Exchange: Transaction Log Files Growing Rapidly; Case Scenarios
An Exchange admins worst nightmare is to come into work one morning to find out your partition housing your transaction log files has been filled up with an abundant amount of log files. You continue to monitor your disk space which is filling up at a rapid pace. What to do? In this article I will share my experience in dealing with these situations.
Note: If you are currently experiencing rapid log file growth and your partition housing your log files is running low on disk space, enable circular logging immediately. This will flush all log files as they are committed to your database. This will prevent your partition housing your log files from filling up and causing your store to dismount.
XADM: How to Modify the Circular Logging Setting
Case Scenario #1 Script Gone Haywire
In this scenario, I came into work to find out that the log files have grown tremendously and eating up disk space at rate of almost 1-2GB an hour. Because of the rate at which the logs being generated, users were complaining about messages being delayed. This is because the rate at which the log files were being committed to the database could not keep up with the rate that they were being generated in additional to a high store.exe process.
The root cause analyses was a script that an employee wrote which was part of our ticketing system. I ran MS Netmon which is a packet sniffer to determine if I could find the source of where the traffic was being generated from, which helped me to pinpoint it to our ticketing system.
You can download Netmon from ftp://ftp.microsoft.com/PSS/Tools/ The file is zipped and contains a password. The unzip password is "trace"
Case Scenario #1 Routing Loop (Migration)
In this scenario, I also experienced rapid log file growth. This scenario occured during a migration from 5.5 to 2003. The root cause analyses for this situation was more of how the organization's mail topology was configured.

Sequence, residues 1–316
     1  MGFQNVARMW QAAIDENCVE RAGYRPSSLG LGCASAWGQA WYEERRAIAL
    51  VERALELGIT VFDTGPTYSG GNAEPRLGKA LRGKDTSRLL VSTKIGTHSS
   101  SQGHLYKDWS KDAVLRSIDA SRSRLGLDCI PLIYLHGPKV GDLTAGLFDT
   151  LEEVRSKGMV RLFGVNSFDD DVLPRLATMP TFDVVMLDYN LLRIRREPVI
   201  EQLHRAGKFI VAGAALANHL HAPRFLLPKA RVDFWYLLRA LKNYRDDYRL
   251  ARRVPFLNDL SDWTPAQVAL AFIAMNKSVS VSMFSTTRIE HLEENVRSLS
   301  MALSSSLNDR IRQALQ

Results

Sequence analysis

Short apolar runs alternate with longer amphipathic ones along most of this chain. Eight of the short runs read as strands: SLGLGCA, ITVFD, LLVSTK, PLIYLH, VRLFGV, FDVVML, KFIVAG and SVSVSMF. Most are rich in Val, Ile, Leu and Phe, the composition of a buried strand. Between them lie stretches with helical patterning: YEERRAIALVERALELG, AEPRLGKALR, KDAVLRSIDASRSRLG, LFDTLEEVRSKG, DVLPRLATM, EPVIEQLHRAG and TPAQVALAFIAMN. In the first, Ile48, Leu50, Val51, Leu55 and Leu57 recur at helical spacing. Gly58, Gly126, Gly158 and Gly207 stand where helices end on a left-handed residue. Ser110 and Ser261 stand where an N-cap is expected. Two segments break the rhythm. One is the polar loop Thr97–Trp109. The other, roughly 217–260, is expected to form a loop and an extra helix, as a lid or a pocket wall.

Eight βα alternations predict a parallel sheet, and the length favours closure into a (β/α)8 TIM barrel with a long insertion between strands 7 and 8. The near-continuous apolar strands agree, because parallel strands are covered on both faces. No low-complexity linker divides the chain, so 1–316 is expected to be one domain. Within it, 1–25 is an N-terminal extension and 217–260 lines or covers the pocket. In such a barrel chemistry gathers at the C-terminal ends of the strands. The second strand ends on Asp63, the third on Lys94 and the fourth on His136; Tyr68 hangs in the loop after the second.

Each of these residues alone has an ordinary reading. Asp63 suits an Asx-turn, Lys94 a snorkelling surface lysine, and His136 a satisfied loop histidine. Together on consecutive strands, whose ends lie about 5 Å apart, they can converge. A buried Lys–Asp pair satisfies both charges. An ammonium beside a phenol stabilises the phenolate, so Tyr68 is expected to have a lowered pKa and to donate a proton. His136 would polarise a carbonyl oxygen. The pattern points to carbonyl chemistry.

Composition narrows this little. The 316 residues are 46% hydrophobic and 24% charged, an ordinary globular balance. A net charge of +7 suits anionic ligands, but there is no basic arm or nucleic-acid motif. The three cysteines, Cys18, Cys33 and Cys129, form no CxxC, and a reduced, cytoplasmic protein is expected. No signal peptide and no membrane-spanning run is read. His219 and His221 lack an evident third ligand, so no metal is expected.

This organization used a Sendmail server as it's frontend and thus hosted the MX record for the organization say abc.com. It then forwarded to the Exchange backend using an alias table. The Exchange backend environment thus hosted an internal MX record say xyz.local. The recipient policy of the Exchange org was configured as:
Internet mail would arrive to email@example.com, the Sendmail server would lookup the alias table and forward to firstname.lastname@example.org which would deliver to the Exchange Org. Now because our Exchange Org did not host all users for for the recipient policy of abc.com, the SMTP Virtual Server was configured to "Send all unknown recipients to" another Sendmail smarthost.
The loop was caused because the alias table on the Sendmail server was not maintained. Therefore, when an email arrived at the frontend Sendmail server destined to email@example.com, it would look up the alias table and see it mapped to firstname.lastname@example.org and forward it to the Exchange Org. The Exchange Org did not have this recipient and would foward it out to a Smarthost because "Send all unknown recipients to" was configured. This Smarthost would then send it back to the frontend Smarthost causing a loop.
Resolution was to enable "Filter Recipients who are not in the directory" in the Global Settings in Exchange System Manager in addition to having a procedure to maintain a current alias table.
MCSE M+, S+, MCTS, Security+
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